The Maritime History of the Great Lakes
British Whig (Kingston, ON), April 22, 1845

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p.3 Opening of the Navigation - The Steamer Highlander, Capt. Stearns, made her appearance in our port, on Monday last, from the Coteau, to which place she returned on the following day with the Upper Mail. We understand she is to ply regularly between this and the Coteau, until the opening of the Canal, which will not be for some days. The Gildersleeve, Capt. Bowen, will commence her regular running on Monday next the 21st instant from Kingston to Dickinson's Landing. This boat, we learn, has been extended 30 feet and presents a commanding appearance. [Cornwall Observer, April 17th]

Departure of the Canada - This fine steamer, having been on the Marine Railway, and properly inspected, left the harbor this morning for Dickenson's Landing, on her regular business. She will be speedily joined by the Henry Gildersleeve, and as soon as the Cornwall Canal permits the ascension of the Highlander, these three excellent and commodious steamers will form the Daily Line to Coteau du Lac. The Gildersleeve has this winter been lengthened thirty feet, of which more anon. In mentioning the services of the Sovereign and Oneida, which so kindly went down to the assistance of the Canada in distress, and exerted themselves so unsuccessfully, no notice was taken of the little Albion, Captain Chambers, under whose judicious management, with a vastly inferior power, the Canada was hauled off the rock at a second or third pull.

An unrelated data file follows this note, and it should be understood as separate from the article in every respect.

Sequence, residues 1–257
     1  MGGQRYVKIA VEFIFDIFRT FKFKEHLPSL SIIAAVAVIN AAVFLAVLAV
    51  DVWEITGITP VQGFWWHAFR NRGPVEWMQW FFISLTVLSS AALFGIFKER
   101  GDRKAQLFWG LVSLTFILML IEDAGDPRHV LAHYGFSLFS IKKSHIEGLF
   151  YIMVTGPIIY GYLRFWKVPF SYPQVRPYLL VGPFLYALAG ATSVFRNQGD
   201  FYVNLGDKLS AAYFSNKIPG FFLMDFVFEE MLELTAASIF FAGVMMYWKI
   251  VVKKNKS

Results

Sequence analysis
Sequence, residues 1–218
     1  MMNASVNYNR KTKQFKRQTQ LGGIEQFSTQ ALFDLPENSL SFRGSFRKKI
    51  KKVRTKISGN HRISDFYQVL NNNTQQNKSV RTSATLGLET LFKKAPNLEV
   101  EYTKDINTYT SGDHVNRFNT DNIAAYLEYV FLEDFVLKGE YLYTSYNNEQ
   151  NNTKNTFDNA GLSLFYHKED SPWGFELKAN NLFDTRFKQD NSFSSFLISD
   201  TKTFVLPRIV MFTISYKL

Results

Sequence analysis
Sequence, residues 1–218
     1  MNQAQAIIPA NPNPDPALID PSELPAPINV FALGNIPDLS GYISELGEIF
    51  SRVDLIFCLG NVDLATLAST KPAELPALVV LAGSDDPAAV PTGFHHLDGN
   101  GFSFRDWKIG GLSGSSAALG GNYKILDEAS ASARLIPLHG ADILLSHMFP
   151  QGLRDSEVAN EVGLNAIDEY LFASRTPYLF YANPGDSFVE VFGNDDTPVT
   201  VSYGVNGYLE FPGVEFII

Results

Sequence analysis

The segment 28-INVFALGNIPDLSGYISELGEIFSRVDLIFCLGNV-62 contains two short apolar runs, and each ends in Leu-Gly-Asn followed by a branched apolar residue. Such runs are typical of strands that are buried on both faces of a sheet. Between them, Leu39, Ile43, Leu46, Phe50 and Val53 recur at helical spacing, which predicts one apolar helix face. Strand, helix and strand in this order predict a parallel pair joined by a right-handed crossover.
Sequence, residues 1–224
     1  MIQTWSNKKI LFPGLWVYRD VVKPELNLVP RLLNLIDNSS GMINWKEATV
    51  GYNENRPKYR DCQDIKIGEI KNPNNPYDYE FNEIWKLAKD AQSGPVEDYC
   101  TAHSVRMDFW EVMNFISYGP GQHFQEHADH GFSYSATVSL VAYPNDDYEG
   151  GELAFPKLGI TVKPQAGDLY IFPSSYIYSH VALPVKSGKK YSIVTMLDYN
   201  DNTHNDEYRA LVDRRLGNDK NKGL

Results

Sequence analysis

Hamilton Harbour at present shows much activity, there being no less than 16 schooners loading with timber, produce, etc. for lower ports.

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April 22, 1845
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Rick Neilson
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Public domain: Copyright has expired according to the applicable Canadian or American laws. No restrictions on use.
Maritime History of the Great Lakes
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British Whig (Kingston, ON), April 22, 1845